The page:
A recent study fascinates me. In the name of the experiment, a music playlist was generated with all types of music. Study participants were then invited to view the list on the computer and to click a button of any tune they’d be interested in downloading for free. Four different computer stations were set up with a varied group of participants sent to each. As each viewer clicked the songs he or she would like to download after hearing samples, the tally of the number of people who had also “liked” that song appeared to the left of the title. So if 2 people had selected it for download, the number 2 would appear next to the song. If 20 people downloaded it, the number 20 would appear.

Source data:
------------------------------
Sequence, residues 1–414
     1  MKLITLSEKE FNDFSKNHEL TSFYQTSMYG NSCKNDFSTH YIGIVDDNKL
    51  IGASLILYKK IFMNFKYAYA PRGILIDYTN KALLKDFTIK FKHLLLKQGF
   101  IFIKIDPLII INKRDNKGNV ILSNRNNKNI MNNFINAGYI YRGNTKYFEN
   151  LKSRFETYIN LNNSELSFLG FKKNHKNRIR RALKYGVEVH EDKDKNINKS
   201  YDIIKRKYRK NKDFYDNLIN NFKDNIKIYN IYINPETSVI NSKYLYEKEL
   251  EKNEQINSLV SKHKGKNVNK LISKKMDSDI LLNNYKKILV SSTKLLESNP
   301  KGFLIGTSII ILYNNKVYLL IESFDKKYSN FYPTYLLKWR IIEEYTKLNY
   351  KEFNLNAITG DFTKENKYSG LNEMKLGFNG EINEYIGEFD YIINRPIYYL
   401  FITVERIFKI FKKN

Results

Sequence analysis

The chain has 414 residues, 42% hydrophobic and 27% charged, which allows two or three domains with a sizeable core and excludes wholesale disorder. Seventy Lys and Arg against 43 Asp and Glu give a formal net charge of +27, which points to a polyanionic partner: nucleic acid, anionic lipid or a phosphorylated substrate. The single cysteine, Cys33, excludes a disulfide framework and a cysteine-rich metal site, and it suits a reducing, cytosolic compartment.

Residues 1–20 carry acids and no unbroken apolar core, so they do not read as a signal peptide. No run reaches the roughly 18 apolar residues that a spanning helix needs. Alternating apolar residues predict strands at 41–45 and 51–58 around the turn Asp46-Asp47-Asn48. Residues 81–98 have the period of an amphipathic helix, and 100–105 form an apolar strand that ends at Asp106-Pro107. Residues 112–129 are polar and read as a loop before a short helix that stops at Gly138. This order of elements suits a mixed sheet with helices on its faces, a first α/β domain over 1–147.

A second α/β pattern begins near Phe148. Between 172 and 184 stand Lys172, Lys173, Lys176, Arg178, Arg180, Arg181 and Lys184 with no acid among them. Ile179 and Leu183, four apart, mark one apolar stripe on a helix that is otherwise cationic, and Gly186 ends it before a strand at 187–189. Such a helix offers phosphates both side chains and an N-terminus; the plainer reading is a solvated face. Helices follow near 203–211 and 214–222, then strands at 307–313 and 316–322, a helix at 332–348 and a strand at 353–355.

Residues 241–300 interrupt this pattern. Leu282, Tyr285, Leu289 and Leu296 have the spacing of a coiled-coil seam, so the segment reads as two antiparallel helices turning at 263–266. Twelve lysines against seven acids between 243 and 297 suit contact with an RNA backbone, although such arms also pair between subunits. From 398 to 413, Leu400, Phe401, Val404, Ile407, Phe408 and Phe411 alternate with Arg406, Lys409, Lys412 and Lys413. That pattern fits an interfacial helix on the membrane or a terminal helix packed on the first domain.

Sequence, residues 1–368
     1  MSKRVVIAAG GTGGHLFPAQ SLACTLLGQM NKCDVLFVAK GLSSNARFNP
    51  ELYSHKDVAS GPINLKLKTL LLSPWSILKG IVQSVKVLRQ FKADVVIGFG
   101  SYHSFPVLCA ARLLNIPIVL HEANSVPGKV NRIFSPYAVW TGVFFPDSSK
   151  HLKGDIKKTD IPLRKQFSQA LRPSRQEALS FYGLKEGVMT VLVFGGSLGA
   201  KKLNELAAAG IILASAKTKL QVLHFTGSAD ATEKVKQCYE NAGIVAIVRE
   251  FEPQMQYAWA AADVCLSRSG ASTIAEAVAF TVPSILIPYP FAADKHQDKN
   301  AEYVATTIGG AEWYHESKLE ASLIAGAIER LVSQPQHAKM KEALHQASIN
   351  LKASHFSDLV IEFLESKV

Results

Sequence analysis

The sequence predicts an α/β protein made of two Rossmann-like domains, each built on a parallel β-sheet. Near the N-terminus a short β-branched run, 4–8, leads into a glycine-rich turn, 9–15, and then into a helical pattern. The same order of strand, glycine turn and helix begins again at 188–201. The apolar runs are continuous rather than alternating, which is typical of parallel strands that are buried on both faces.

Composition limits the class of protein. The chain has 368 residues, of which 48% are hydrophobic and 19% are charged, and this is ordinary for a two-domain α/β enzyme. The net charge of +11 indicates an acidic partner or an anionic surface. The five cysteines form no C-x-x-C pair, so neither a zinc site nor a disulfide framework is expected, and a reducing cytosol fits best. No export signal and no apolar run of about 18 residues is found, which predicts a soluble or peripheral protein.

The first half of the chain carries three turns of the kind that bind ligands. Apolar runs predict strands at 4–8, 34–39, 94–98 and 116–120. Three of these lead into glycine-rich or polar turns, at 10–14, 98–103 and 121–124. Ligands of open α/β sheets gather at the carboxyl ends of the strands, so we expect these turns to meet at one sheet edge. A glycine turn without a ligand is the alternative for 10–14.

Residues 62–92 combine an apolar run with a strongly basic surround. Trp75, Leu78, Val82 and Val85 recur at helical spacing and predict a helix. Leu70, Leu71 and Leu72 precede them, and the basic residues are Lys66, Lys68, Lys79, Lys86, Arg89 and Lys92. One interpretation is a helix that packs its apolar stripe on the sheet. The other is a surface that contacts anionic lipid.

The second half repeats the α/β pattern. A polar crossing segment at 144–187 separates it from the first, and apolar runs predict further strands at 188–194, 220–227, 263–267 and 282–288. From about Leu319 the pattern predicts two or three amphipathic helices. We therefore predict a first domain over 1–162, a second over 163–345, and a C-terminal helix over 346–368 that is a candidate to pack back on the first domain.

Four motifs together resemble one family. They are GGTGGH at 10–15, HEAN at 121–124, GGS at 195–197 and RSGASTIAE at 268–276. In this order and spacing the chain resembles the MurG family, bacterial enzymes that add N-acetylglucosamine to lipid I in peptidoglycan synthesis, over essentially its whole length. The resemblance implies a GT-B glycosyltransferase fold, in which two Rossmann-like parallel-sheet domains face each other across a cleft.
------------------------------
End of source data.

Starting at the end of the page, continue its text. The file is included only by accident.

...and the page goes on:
Common sense would tell you that with an equally varied group of participants who had been vetted and equally divided between the four groups according to musical tastes, the preferred song lists ranked by likes would be very similar across the four identical lists. In other words, the best songs would rise to the top equally on all four computers.
Surprisingly this did not happen. In fact something quite extraordinary happened. What might be the top 20 songs on computer #1 weren’t even in the top 100 of computer #2. The lists between computers showed no correlating ranking relationship.